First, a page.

Thursday, June 02, 2016
While an actual motorcycle is the most widely understood subject of a 'restoration', in truth far more cosmetic work is performed on photographs of old motorcycles than on actual machines today. Digital media workers spend hours clarifying the information from rough old photographs - it's unsung work, done every day, by people like me. Every photo - even digital - is raw material to be shaped for particular impact; to expose technical details, establish a mood, emphasize action, or separate a machine from its background. Vintagent reader Marco Bakker sent this short film of his 'restoration' of a 1913 FN four-cylinder, from venerable arms manufacturer Fabrique Nationale d’Armes de Guerre in Herstal, Belgium. The photograph was taken in 1917, with its owner Jan Lodewijk van Bekkum and his sons, taken in Giessendam, Holland. As Marco says, "Photoshop is the workshop."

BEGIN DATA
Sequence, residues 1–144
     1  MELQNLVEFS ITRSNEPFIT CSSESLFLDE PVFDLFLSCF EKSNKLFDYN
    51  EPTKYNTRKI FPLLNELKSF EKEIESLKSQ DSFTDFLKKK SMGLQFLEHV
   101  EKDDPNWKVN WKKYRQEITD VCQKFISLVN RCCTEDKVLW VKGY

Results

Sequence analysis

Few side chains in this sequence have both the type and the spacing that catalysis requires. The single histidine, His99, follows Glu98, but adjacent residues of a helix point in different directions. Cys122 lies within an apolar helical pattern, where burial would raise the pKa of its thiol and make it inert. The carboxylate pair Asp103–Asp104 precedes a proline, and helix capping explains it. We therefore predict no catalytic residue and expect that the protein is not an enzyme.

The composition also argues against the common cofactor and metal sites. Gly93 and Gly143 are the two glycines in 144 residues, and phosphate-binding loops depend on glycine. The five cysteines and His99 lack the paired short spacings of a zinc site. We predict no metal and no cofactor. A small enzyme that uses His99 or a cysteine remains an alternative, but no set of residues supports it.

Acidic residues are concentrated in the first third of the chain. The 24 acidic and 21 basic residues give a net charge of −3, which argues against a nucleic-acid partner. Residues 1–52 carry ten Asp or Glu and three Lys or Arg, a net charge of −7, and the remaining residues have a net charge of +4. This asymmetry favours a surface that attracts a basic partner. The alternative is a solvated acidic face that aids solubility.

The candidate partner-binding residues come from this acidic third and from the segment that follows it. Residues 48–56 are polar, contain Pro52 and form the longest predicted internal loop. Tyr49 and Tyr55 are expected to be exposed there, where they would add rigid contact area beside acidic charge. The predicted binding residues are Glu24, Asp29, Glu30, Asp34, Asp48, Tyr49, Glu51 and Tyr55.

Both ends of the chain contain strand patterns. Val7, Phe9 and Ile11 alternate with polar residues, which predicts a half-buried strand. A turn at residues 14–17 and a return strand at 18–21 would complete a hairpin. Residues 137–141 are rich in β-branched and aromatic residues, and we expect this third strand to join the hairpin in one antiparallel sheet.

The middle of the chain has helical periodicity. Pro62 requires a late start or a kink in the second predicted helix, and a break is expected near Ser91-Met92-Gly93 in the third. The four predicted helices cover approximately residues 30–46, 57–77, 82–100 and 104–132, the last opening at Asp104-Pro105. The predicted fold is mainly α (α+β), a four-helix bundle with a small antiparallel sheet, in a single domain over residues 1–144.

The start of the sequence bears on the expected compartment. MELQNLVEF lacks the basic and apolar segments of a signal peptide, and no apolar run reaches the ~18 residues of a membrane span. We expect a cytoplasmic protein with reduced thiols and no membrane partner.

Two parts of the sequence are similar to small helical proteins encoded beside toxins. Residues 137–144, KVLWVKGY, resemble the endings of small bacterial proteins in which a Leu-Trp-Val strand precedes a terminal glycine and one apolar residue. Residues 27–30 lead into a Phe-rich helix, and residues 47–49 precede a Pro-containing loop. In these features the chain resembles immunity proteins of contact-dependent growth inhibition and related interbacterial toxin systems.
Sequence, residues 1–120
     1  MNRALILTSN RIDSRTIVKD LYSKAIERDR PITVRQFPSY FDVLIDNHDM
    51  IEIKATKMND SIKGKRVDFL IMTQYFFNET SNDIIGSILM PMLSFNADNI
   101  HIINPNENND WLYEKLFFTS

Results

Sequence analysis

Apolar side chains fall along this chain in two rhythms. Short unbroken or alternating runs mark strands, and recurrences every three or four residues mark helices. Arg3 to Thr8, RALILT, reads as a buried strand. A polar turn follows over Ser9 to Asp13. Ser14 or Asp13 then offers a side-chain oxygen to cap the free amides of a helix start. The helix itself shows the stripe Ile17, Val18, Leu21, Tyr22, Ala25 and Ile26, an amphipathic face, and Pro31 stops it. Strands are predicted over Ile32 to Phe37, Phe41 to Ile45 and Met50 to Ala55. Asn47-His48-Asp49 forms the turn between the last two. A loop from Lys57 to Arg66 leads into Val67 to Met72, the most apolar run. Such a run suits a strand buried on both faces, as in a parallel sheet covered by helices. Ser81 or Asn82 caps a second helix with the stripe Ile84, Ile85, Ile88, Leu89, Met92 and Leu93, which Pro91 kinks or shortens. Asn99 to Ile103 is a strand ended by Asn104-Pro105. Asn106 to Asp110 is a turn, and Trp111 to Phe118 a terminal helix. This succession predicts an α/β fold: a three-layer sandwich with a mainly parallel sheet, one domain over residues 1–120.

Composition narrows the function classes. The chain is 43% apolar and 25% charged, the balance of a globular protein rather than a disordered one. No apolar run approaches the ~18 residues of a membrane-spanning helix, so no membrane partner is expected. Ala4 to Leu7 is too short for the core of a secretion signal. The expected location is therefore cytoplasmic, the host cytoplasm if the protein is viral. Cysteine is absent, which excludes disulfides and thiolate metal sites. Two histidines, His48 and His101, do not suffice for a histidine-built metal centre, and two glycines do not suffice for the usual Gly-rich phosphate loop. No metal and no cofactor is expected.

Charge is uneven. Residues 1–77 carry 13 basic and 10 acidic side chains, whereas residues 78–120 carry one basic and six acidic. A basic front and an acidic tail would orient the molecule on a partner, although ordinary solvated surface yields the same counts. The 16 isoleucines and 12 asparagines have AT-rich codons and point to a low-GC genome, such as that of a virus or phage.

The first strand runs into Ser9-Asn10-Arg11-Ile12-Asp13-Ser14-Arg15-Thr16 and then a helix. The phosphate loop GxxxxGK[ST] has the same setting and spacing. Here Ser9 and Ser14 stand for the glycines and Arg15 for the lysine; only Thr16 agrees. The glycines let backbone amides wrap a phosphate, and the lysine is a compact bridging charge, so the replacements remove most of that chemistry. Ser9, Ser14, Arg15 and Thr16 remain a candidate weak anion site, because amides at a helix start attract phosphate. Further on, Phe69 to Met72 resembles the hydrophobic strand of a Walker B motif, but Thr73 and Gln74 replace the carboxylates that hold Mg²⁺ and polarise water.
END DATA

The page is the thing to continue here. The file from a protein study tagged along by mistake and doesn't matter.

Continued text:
I reckon this time-lapse Photoshop journey would take 3 or 4 hours in real time, which is typical for restoring a lightly damaged photograph. There's no magic button to press which makes creases, water stains, and dirt spots disappear, just a lot of skilled, detailed work. The result is a vastly more readable photograph, which is a pleasure to share.